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Poster display session

1851 - Reporting of results of randomized trials in common cancers in the lay media


10 Sep 2017


Poster display session


Cancers in Adolescents and Young Adults (AYA);  Bioethical Principles and GCP


Domen Ribnikar


Annals of Oncology (2017) 28 (suppl_5): v511-v520. 10.1093/annonc/mdx385


D. Ribnikar1, H. Goldvaser2, A. Ocana Fernandez3, A. Templeton4, B. Seruga5, E. Amir2

Author affiliations

  • 1 Division Of Medical Oncology And Hematology, Princess Margaret Cancer Center, M5G 2M9 - Toronto/CA
  • 2 Division Of Medical Oncology And Hematology, Princess Margaret Cancer Center, Toronto/CA
  • 3 Research Unit, Albacete University Hospital, Albacete/ES
  • 4 Department Of Oncology, St. Claraspital Basel, Basel/CH
  • 5 Department Of Medical Oncology, Institute of Oncology Ljubljana, Ljubljana/SI


Abstract 1851


Limited data exist about the role of the lay media (including the financial press) in the dissemination of results of randomized controlled trials (RCTs) in common cancers.


We searched clinicaltrials.gov to identify phase III RCTs evaluating new drugs in breast, colorectal, lung and prostate cancer. We included all completed and active trials that have completed accrual between 1 January 2005 and 31 October 2016. Reporting of trials in the lay media was identified by a systematic search of Lexis-Nexis Academic using the name of the drug and trial. Scientific reporting was defined as presentation at a conference or publication in full in the scientific literature. Associations between reporting in the lay media before scientific reporting and study design, results and sponsorship were evaluated using logistic regression.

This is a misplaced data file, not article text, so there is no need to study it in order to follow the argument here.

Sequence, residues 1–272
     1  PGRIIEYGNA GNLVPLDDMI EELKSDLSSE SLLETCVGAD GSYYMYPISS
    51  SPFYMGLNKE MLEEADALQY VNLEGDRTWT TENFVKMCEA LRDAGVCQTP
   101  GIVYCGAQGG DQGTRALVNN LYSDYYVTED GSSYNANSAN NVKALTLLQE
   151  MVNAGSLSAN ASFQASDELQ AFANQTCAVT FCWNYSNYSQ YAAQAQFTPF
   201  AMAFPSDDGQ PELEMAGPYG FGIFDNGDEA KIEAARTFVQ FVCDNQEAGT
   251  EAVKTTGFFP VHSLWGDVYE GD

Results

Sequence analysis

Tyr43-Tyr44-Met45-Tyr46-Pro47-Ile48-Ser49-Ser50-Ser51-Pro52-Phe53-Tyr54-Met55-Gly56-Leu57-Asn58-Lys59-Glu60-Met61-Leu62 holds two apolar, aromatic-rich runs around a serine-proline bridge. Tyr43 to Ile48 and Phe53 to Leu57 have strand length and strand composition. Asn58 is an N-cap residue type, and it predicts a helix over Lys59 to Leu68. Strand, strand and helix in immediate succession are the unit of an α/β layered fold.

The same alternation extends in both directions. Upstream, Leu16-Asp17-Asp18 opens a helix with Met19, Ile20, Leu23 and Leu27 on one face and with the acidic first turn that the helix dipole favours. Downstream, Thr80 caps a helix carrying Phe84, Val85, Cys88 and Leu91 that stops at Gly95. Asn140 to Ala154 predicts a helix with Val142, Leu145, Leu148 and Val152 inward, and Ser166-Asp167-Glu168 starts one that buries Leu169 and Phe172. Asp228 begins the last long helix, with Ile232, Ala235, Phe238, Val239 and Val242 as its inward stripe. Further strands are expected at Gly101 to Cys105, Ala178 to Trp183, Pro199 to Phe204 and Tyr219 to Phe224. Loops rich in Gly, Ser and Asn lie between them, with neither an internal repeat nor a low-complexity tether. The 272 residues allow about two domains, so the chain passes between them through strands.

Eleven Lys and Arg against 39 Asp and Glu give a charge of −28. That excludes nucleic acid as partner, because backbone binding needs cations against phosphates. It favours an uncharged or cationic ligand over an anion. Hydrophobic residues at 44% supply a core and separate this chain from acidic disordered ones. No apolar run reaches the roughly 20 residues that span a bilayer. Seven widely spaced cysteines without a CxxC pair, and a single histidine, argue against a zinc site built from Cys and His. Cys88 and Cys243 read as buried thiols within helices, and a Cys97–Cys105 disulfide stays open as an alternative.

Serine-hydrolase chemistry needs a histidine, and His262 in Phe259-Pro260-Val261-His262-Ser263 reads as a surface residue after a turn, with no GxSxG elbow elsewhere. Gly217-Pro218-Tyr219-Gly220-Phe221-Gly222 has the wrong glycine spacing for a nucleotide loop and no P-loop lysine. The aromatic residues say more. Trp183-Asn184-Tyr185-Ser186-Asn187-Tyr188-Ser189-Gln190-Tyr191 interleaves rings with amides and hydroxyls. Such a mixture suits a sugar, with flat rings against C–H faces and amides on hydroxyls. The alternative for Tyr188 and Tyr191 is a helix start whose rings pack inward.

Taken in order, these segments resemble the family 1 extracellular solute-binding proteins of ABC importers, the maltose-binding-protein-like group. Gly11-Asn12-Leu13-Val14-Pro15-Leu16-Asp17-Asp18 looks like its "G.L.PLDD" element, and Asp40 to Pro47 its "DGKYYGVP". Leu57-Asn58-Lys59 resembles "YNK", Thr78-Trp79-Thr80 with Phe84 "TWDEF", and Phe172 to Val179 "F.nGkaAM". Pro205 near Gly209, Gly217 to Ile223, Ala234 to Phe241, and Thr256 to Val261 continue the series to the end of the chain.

Of the 180 RCTs identified, 55% were positive, 79% were performed with palliative intent and 79% evaluated targeted therapies (including endocrine and immunotherapy). We identified 93 (52%) reports in the lay media (66% of positive trials and 38% of negative trials). In 49 cases (27%) reporting in the lay media occurred before scientific reporting with an increasing trend over time (p = 0.009). Among these, 53% presented quantitative data. The median time between lay media reporting and scientific reporting was 16 weeks (range 1-220 weeks). Reporting in the lay media before scientific reporting was associated with positive results (OR 3.12, p 


Over a quarter of all RCTs in common cancers are reported in the lay media before they are reported scientifically. Positive trials, industry sponsorship, palliative intent, journal impact factor and evaluation of new targeted therapy, especially in prostate cancer are associated with early reporting in the lay media.

Clinical trial identification

Legal entity responsible for the study

Eitan Amir




All authors have declared no conflicts of interest.

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